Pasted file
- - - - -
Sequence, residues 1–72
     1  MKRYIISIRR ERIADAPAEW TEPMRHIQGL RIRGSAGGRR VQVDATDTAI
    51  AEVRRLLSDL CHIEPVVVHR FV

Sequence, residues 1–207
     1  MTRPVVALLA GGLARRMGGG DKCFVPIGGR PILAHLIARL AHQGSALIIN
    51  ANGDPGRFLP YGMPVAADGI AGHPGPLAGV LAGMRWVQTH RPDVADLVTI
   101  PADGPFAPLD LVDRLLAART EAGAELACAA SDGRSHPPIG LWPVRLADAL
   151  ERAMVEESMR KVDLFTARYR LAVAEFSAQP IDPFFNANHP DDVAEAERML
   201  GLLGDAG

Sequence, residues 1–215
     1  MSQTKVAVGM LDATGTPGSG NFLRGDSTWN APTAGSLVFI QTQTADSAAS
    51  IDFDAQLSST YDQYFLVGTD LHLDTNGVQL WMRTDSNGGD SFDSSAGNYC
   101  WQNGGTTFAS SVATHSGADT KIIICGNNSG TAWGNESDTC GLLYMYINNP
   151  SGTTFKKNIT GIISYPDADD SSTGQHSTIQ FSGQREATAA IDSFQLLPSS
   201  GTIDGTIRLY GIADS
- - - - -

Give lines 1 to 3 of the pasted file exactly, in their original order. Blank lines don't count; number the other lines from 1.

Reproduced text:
Sequence, residues 1–72
     1  MKRYIISIRR ERIADAPAEW TEPMRHIQGL RIRGSAGGRR VQVDATDTAI
    51  AEVRRLLSDL CHIEPVVVHR FV